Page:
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OCZ's New Blazing Fast 1TB Z SSD Drive

OCZ was demonstrating its new Z Drive with 1 TB of storage at CeBIT 2009 this week. 

The new Z Drive from OCZ is a storage device that connects to an x8 PCIe slot and offers 1 terabyte of storage capacity.  The Z Drive is about the same size a dual-slot graphics card, so its not exactly small, but the device is stated to offer maximum read and write speeds of up to 600 MB/sec. and 500 MB/sec., respectively.  According to the demo OCZ had on display at CeBIT though, the Z Drive was actually showing minimum and maximum read speeds of 654 MB/sec. and 712 MB/sec., respectively. Incredible.

In a lot of ways, OCZ's new Z Drive appears similar to Fusion-io's ioDrive, both of which connect to a PCIe slot and offer seemingly similar transfer speeds. Unlike the smaller ioDrive however, the new Z Drive is apparently comprised of just four 256 GB MLC-based SSDs in RAID 0.  The Z Drive also features a hardware-based RAID controller and 256 MB of local cache.  Lets hope the use of local cache did not unfairly inflate the results we are seeing though, as previous reviews of four Intel X-25E SSDs in RAID 0 showed transfer speeds only hitting as high as 366 MB/sec.

As expected, the new OCZ Z Drive will not be cheap.  According to Revioo.com, $1500 is the expected price, but that is still less than the cost of an 80 GB Fusion-io's ioDrive and possibly less than a do-it-yourself solution.  No word yet on availability, but the Z Drive being demoed at CeBIT was apparently a fully functioning prototype.

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All photos credit of Revioo.com

  • cctchristensen
    Great news. I remember a few years ago when I was reading about FusionIO and thinking, "wouldn't it be nice if this is the future of hard drives?" Glad to see that actually come to fruition.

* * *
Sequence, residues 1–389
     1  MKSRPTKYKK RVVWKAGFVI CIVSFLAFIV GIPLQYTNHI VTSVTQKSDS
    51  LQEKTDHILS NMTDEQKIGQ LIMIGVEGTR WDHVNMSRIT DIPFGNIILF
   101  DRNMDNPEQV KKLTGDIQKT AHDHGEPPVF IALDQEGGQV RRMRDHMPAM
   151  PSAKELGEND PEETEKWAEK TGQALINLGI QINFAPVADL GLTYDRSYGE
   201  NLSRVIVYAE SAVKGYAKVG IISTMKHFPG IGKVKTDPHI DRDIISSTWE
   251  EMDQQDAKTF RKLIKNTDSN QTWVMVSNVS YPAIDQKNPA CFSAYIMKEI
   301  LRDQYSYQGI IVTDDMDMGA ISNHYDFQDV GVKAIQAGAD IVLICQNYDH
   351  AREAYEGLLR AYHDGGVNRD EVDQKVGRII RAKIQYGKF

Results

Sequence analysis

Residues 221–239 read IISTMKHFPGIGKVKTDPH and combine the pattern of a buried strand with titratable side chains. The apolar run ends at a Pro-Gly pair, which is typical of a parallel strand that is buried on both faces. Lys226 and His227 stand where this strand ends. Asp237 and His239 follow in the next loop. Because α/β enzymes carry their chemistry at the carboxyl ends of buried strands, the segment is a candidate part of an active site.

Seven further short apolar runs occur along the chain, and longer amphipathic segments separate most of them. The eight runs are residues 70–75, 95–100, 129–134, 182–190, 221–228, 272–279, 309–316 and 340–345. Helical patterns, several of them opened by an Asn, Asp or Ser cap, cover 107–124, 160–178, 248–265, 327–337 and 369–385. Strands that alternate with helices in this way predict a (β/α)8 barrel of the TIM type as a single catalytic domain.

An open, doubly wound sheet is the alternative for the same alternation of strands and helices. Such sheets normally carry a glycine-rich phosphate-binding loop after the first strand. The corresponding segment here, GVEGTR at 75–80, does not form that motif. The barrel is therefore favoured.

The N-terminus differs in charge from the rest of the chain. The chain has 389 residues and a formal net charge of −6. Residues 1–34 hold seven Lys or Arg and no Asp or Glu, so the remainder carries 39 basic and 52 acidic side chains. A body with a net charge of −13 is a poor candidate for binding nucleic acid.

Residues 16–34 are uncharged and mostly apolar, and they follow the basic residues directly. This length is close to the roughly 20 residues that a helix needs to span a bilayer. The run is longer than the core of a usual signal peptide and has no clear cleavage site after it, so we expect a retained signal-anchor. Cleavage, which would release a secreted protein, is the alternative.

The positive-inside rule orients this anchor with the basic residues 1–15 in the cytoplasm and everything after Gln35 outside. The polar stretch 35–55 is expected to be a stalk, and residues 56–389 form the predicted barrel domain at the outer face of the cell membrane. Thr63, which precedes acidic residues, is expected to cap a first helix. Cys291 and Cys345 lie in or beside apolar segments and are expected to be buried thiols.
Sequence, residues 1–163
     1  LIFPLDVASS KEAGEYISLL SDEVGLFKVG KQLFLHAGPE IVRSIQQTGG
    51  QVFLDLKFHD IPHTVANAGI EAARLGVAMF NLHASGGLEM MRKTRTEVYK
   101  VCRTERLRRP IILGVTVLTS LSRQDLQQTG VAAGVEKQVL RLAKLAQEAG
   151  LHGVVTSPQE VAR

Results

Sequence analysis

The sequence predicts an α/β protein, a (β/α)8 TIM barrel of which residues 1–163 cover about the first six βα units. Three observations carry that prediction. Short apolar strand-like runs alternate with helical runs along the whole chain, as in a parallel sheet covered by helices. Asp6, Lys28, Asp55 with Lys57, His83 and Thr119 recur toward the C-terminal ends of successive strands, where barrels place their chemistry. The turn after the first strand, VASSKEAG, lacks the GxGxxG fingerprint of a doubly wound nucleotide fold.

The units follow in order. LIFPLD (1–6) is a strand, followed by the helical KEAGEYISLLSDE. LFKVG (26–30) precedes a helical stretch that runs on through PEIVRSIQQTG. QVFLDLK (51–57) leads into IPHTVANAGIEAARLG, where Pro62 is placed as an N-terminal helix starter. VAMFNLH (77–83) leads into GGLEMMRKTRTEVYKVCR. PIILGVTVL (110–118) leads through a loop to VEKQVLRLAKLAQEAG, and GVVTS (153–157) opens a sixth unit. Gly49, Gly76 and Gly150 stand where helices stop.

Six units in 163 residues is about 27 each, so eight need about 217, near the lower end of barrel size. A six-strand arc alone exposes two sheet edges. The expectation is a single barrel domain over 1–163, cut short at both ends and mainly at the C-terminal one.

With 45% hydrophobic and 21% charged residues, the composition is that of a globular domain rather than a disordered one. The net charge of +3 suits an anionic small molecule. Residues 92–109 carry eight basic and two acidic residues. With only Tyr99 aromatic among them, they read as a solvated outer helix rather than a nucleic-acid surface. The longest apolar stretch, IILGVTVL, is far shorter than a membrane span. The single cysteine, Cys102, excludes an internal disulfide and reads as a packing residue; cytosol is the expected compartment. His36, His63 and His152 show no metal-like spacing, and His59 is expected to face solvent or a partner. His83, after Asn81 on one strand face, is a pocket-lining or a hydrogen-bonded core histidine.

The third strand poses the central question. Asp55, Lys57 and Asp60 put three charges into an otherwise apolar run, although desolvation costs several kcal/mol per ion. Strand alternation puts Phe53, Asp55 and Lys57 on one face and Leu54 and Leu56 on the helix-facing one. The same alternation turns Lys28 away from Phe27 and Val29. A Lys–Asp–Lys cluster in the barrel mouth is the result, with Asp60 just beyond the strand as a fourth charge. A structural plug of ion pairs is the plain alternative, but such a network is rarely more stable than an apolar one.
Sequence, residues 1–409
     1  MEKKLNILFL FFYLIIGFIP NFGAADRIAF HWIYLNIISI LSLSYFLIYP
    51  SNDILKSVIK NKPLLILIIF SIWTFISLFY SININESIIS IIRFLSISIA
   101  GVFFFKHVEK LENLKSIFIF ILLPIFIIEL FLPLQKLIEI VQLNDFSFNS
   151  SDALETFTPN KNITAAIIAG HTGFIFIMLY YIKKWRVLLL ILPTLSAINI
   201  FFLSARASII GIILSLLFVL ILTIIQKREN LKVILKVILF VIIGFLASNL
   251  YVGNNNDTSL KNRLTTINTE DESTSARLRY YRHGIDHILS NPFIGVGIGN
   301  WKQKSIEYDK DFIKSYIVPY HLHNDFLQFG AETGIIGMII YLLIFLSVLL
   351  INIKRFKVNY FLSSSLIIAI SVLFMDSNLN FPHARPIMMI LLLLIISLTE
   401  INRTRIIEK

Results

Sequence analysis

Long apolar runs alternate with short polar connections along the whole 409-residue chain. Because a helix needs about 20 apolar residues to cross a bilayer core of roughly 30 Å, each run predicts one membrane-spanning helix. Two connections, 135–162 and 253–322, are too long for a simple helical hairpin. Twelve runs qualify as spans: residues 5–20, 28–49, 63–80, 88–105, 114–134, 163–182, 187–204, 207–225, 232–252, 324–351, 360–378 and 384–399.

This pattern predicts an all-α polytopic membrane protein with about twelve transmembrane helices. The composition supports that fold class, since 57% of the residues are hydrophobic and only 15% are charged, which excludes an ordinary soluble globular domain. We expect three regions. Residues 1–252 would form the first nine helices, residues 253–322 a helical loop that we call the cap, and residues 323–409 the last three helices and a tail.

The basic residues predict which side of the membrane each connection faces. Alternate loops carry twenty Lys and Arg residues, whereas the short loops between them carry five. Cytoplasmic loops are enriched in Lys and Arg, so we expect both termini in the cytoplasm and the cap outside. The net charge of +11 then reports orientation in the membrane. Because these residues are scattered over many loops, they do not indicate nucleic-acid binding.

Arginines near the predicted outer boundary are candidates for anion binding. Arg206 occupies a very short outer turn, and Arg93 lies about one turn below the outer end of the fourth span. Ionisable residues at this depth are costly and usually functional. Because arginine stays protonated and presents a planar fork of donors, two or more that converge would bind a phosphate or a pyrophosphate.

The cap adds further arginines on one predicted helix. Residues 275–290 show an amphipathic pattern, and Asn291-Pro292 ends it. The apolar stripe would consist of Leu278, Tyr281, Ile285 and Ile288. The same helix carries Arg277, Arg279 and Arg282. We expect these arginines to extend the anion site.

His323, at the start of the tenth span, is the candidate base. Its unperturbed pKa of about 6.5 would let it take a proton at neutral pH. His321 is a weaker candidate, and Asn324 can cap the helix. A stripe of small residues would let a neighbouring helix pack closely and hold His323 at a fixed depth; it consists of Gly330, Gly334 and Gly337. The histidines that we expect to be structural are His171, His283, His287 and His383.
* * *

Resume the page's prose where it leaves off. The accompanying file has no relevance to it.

Reply
  • Gian124
    I just wish these PCI-based drives were bootable :(
    Reply
  • The Schnoz
    Gian124I just wish these PCI-based drives were bootableAll in due time. Are you listening Microsoft and motherboard manufacturers.
    BTW, computer geniuses out there. Since I'm too lazy to do the math how about you do it for me. What PCI Express port would be minimal to get the full bandwidth this card needs. Would PCI Express x1 or x4 be enough, or would you actually need x8 like the article suggests?
    Reply
  • Harby
    My thoughts exactly. If I ever get an SSD it'll be the OS host disk, not a storage medium. Thus no boot = no thanks for me.

    But apparently PCI-E based drives will become very popular so its matter of time for OS's and mobos to support booting from them.

    Seriously, who would have though a couple of years ago that we'd have drives connecting directly to a PCI-E interface.
    Reply
  • cryogenic
    The SchnozAll in due time. Are you listening Microsoft and motherboard manufacturers. BTW, computer geniuses out there. Since I'm too lazy to do the math how about you do it for me. What PCI Express port would be minimal to get the full bandwidth this card needs. Would PCI Express x1 or x4 be enough, or would you actually need x8 like the article suggests?
    Since you called for a genius (and I am one: because I googled "pcie speed" and got the required info from first result). Here it's how it stands: